Azou wrote:Your first and second sources require to be bought to read the full. So, while this by no means discounts them, it means I also can't really judge them.
Dude! They're PEER REVIEWS dork, they have already been "judged." The abstract reveals the results. Your bias and dogma is showing. You might want to cover that up in public.
Also, if you read the abstract of the third it reveals the thrust of the paper:
The study finds that, despite the polygraph’s shortcomings, there is currently no viable technical alternative to polygraphy. While some neuroscience-based alternatives have been proposed, there are significant problems with these techniques and far more research is needed if they are to become sufficiently reliable for use in operational settings.
This is why I added it. I agree that its not 100% but to deny the tell tale signs of lying as we discussed is just that, denial. All people have such signs, MOST OF WHICH can be detected though not to the point of using against people in a court of law. That does not mean they do NOT exist as you are claiming and arguing for. They exist and I have showed evidence for that.
Yet it is all too readily apparent that the current technical and methodological means for detecting intentional deception by individuals are inadequate.
Yes, I added the third as a method of critical thinking, I am sure you have no clue what that is. It was to reveal the current methods are inadequate (remember the 70's reference?) and that new technologies, cause of dem puters, will be more accurate.
You're right, Danny boy, I guess these things can be falsif[ied]. Like your bullshit. And best of all, you're falsifying your own bullshit for me. Thanks, pal!
Obviously, you have no skills in comprehension. At least we revealed that much here. My work is done.
Ironically, the federal government relies extensively on the polygraph for forensic investigations and personnel security, yet the results of polygraph tests are generally inadmissible in federal courts (Greeley, 2004).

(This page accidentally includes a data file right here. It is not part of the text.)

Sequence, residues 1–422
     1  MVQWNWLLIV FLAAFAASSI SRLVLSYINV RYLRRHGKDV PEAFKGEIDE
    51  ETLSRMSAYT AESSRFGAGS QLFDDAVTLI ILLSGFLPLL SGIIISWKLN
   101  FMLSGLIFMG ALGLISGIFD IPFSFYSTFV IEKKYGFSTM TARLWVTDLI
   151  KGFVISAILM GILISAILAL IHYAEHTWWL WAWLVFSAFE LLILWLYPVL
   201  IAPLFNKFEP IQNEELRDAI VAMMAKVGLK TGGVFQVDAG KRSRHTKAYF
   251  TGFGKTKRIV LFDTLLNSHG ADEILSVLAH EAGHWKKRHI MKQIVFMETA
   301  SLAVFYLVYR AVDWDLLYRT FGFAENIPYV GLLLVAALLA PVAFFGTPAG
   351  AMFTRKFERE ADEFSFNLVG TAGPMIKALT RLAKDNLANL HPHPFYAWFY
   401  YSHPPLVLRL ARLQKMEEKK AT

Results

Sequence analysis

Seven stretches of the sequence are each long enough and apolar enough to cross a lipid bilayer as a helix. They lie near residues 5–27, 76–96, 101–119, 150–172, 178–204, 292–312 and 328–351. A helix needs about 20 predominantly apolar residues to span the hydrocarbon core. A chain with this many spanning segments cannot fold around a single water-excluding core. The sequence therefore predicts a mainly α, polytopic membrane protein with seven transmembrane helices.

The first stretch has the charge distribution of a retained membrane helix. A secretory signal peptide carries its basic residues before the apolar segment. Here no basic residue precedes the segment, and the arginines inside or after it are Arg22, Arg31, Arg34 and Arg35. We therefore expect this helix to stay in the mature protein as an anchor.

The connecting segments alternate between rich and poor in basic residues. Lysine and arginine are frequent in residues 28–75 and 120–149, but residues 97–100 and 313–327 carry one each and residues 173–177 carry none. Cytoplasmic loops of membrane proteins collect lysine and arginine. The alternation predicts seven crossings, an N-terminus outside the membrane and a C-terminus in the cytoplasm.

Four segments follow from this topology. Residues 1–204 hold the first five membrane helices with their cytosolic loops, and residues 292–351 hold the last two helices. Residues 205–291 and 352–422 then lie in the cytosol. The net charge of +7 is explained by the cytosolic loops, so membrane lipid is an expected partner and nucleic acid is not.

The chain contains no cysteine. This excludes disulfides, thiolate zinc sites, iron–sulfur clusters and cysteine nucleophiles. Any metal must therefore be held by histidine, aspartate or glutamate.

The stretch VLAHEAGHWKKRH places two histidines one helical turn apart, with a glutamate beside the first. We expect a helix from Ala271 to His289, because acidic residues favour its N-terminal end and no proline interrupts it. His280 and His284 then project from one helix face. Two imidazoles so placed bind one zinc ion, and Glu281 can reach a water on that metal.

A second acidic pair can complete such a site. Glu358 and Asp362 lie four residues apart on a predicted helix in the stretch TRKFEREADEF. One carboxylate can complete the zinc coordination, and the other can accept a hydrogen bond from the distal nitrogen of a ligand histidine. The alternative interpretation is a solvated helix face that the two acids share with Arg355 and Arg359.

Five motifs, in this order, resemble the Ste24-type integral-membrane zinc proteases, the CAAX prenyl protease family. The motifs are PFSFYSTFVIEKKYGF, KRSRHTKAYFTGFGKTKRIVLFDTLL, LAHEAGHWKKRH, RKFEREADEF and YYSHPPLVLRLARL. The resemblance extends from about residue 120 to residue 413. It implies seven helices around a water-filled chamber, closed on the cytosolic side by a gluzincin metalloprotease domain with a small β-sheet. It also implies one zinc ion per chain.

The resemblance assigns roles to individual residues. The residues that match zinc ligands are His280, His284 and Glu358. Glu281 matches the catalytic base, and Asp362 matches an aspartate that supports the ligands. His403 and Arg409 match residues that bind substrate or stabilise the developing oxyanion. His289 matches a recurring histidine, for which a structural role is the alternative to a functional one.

Snarky aside, there is some hope for you yet. That was refreshing. "And best of all, you're falsifying your own bull for me. Thanks, pal!"
The paper goes on to discuss the various potential of lie detection. Which is certainly possible, but it has nothing to do with your conscience making your sweat or your pulse quicken. If it is, then the conscience is an poorly designed construct since the response to lying is similar to other emotions that aren't connected to "sin" at all.
Nature? Who the fuck cares? Animals also don't have advanced hygiene or medicine, so I think judging something solely on how "nature" it is would be fairly unwise. You also note that lions don't have complex minds capable of equally complex communication. Or, to be cute, a lion won't be lyin'. So you're making a rather bogus comparison.
"And best of all, you're falsifying your own bull for me. Thanks, pal!" So there are differences huh? Hmm, I wonder why that is? Maybe there is a verse for that. Genesis 1:27 comes to mind. I digress.
No, lie to the government is not always treason. Kent Hovind lied to the government about his organization for the purposes of tax fraud, and yet he is not facing death or a punishment more severe than the "police officer" tier. Maybe you should have kept that post tucked away in those distant years, as it didn't take long to dismantle.
So you deny that its an extreme act against a nation (treason) and then give an example of a guy going to prison for doing that to our nation? Just wow! Are you alright in there? You crack me up. Have a great day.